APPLICATION CLOSED

FOR UNIVERSITY OF TOKYO APPLICANTS ONLY

東京大学 学内用 応募要項

Summer Program 2016 ANIMATING LIFE
The University of Tokyo
Keynote by Thomas Lamarre
Organized by Anne Allison
Supported by
Kadokawa Culture Promotion Foundation

FOR UNIVERSITY OF TOKYO APPLICANTS ONLY

東京大学 学内用 応募要項

Program Overview

京大学大学院情報学環・角川文化振興財団寄付講座では、日本のメディア文化やポピュラーカルチャーの様々な側面に焦点を当てたサマープログラムを開催します。2016年度は「アニメーション:生命力」(「Animating Life」)と題し、ポピュラーカルチャーを巡る多様な実践の現在的意味を「アニメーション」というキーワードで考察します。東京大学からは約10人の参加者を募り、海外の大学院生とともに、招聘講師によるレクチャーやラウンドテーブルなどに参加します。また本サマープログラムはS2ターム集中講義(ITASIA237;2単位)として開講します。プログラムを通しての基本言語は英語ですが、フィールドトリップなどで日本語を使う場面もあります。アジア欧米から参加する学生や著名な研究者との対話など、国際交流を通じて学際的な教育の場を提供します。

ログラム・テーマ:2016年度サマープログラム「アニメーション:生命力」では、「アニメーション」と「命」というキーワードを中心に、日本のポピュラーカルチャーにおいて実験的に再構築されつつある親密性やつながりの形に焦点を当てます。メディア・コンテンツの一形態としての「アニメ(ーション)」を意味すると同時に、「運動」や「衝動」、「魅了」や「魂」(anima)といった多彩な意味を内包する「アニメーション」という語の多義性に注目し、様々な「命」が収斂し、折り重なる様を考察します。昨今の日本のメディア文化には、そのような多彩な命の形に呼応するコンテンツや実践が満ちあふれています。新たな社会性の創造を指標する現象は、アニメ・キャラクターやヴァーチャル・アイドル(「2次元」)とそのファン(「3次元」)の関係や、ケア・ロボットやモノのインターネット等における人とテクノロジーの共生等に顕著に見て取る事が出来るでしょう。またその他にも、モバイルゲームとプレーヤーの相互行為;テクノロジー化する性文化;「動物カフェ」などに見られるような人間と動物の交わり;アニメ・ツーリズムにおける(旅)人/イメージ/地域社会/自然環境の接触;オンライン上のメディア・コンテンツ流通の中に生成する社会関係;等、多様なつながりの場が実験、生成されています。今、人と人、人と人でないものの間に、どのような邂逅が、いかなる他者性と親密性が生まれつつあるのか?どのような接触の場が要求され、その需要はいかなる実践を促すのか?社会性のヴァーチャル化や商品化、周縁化は「社会的なもの」の地平にどのような変容をもたらすのか?「無縁社会」、「セックスレス」、「シングル化」等の表現が昨今の日本社会を表象するイメージとして既にグローバルに流通する中、今年度プログラムではこれらの問いを「animation」と「life」という多義的な概念を通して捉え直し、ポピュラーカルチャーの想像力が人と人、人と人でないものとの媒介にどのような「生命力」を「吹き込む」のかを検証します。メディア社会学や歴史学、テクノロジー研究や文化人類学などの諸分野における研究者・学生を国内外から広く集め、10日間にわたる講義・ワークショップを実施し、多義的な「アニメーション」の実験場としてのポピュラーカルチャーを考察します。

の10日間の集中プログラムでは、トーマス・ラマール教授(マギル大学)による基調講演を皮切りとして、招聘講師によるレクチャーやラウンドテーブル、参加学生主体のセッションなどを行います。またキャンパスを飛び出して東京の街を舞台としたフィールドトリップも予定しています。応募方法はこのページの下にある How to Apply から

The Kadokawa Culture Promotion Foundation Media-Content Research Project, in conjunction with the University of Tokyo, will host an annual Summer Program focusing on various aspects of Japanese popular media culture. The theme of this year’s Program is “Animating Life.” With Anne Allison as the main organizer, the Program invites 10 graduate students from universities around the world, who will collaborate with graduate students from the University of Tokyo. Our hope is that the participants will take advantage of the Program to build new social networks and pursue work related to Japanese media and popular cultures in the future, whether as researchers, artists, or teachers.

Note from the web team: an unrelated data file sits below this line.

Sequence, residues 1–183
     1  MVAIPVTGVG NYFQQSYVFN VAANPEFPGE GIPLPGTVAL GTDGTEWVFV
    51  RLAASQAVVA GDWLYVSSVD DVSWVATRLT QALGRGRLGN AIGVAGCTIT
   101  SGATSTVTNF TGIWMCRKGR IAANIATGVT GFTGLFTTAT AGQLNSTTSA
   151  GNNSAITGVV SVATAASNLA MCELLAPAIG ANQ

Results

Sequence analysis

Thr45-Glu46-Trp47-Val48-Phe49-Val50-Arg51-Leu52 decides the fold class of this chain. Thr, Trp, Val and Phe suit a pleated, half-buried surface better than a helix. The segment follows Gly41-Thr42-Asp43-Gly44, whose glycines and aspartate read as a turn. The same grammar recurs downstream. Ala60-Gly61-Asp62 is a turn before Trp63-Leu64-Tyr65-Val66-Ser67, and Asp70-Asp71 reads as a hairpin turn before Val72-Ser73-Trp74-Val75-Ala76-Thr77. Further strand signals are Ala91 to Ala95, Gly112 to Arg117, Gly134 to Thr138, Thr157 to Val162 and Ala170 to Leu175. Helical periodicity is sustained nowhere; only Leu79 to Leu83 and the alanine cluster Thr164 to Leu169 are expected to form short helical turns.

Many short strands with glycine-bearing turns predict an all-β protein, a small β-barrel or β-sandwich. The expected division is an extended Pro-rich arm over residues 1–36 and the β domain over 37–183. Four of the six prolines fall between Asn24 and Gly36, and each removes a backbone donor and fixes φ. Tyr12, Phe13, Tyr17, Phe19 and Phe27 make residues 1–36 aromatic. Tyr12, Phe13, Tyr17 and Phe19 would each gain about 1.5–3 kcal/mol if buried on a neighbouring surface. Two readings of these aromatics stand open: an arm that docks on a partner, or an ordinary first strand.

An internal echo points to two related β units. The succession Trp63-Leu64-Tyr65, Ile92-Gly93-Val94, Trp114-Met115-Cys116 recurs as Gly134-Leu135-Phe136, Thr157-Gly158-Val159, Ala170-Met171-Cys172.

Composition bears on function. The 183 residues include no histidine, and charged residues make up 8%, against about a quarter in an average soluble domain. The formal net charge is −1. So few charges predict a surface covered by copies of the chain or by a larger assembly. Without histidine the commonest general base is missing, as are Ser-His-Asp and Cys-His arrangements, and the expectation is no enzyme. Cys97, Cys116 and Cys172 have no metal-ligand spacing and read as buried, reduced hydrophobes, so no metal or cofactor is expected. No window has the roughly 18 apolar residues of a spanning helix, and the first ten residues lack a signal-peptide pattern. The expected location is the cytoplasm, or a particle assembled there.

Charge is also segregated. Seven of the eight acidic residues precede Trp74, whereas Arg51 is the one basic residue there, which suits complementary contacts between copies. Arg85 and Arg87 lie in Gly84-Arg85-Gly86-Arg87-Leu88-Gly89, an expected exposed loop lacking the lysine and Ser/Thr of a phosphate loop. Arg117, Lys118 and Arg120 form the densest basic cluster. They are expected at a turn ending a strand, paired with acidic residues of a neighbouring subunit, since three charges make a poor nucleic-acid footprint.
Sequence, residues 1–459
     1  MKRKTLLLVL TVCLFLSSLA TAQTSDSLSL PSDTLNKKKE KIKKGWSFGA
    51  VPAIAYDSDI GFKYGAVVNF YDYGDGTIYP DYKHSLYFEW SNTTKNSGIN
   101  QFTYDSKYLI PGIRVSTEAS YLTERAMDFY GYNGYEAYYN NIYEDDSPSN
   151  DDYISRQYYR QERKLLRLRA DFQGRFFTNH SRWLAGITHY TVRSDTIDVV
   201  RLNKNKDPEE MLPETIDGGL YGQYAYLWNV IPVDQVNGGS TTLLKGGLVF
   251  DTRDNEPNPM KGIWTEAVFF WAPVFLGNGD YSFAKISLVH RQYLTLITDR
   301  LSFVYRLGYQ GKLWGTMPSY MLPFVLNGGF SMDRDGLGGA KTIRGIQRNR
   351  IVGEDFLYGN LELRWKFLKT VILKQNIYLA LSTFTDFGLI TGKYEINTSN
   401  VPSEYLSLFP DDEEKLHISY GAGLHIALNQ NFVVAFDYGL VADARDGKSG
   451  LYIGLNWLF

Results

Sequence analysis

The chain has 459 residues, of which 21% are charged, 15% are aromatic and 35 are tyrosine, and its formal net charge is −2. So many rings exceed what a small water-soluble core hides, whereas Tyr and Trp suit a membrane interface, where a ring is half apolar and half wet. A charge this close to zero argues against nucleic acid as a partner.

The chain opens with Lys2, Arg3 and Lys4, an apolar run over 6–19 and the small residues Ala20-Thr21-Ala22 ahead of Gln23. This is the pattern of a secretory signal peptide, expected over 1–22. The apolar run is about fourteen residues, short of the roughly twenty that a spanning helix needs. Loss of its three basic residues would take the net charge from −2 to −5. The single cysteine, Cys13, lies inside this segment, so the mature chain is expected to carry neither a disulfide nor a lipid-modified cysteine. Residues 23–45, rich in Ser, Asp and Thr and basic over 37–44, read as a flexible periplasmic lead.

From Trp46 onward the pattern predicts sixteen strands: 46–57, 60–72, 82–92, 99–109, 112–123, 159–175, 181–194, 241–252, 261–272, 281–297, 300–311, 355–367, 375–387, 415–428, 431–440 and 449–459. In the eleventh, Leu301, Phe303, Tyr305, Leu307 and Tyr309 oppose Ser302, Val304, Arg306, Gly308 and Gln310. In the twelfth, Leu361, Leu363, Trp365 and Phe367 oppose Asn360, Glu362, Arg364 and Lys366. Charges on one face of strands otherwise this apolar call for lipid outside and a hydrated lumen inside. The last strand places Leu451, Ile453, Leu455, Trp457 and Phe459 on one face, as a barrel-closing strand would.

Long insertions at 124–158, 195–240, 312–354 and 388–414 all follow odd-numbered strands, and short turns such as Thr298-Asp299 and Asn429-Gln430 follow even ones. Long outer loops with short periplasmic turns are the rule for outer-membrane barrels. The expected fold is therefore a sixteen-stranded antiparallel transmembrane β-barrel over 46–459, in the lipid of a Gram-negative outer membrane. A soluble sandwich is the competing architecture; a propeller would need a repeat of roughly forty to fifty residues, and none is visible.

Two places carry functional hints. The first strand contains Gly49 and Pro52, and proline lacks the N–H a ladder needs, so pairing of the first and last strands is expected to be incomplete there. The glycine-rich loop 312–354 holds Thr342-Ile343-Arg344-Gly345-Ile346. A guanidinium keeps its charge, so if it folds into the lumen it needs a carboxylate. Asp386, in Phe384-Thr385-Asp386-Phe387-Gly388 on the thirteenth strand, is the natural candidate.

Animating Life explores limits of intimacy and forms of companionship creatively reorganized in today’s Japanese popular culture. Taking ‘animation’ and ‘life’ as key concepts, the Program examines how the popular cultural imagination animates – breathes life into – a variety of relationships people establish with human and nonhuman others. How do characters come to life? How do dogs come to talk? How do robots come to care? Building on the aesthetic of animation long cultivated in Japanese film, anime, and other expressive genres, we hope to expand the concept of animation to consider the enchantment of life in a wide range of practices and phenomena, including (but by no means limited to) virtual idol fandom, technology of care, gaming, anime pilgrimage, translation, digital sex, social media and political mobilization, and animal sociality. We seek to discern convergence, feedback, and crossing among diverse dimensions of animation. To that end, we welcome applicants interested in any facet of Japanese society where the concepts of ‘animation’ and ‘life’ may be productively mobilized for analysis. The range of topics and disciplinary backgrounds for consideration is wide open.

What kinds of encounters, with what kinds of others, in what iterations of intimacy and companionship, are coming to take the place of human-human sociality? How are human relations thereby being transformed? How are fans, creators, programmers, urban dwellers, protesters, and other social actors navigating what once constituted the terrain of the social through alternative, manufactured, virtual, commodified means? In order to rethink intimacy and companionship against the background of such globally circulating images of contemporary Japan as ‘relationless,’ ‘sexless,’ and ‘singlified’ -- images often uncritically linked to a pathology of sociality -- we turn to media contents and cultural practices, and to media technologies of various kinds, as a site of creative experimentation in the animation of life.

An intensive ten-day event, the Program takes place between July 4, 2016 and July 14, 2016. Thomas Lamarre (McGill University) will open the Program with his keynote lecture. Other lecturers tentatively include Elizabeth Povinelli (Columbia University), Shunya Yoshimi (University of Tokyo), Anne Allison (Duke University), Lawrence Grossberg (University of North Carolina), Yasuhiro Yamada (Chuo University), Shiho Satsuka (University of Toronto), Jason Danely (Oxford Brookes University), Sachiko Horiguchi (Temple University Japan), Paul Hansen (Hokkaido University), Grant Otsuki (Tsukuba University), Alexandra Hambleton (Bunkyo Gakuin University), Christophe Thouny (University of Tokyo), Ryo Morimoto (Harvard University), Patrick Galbraith (Duke University), and Shunsuke Nozawa (University of Tokyo). Lectures are combined with roundtables and breakout sessions to facilitate more informal dialogue among lecturers and participants. The Program also features experiential forays into Tokyo social life through field trips. The Program is open only to participating members, except for some selected events.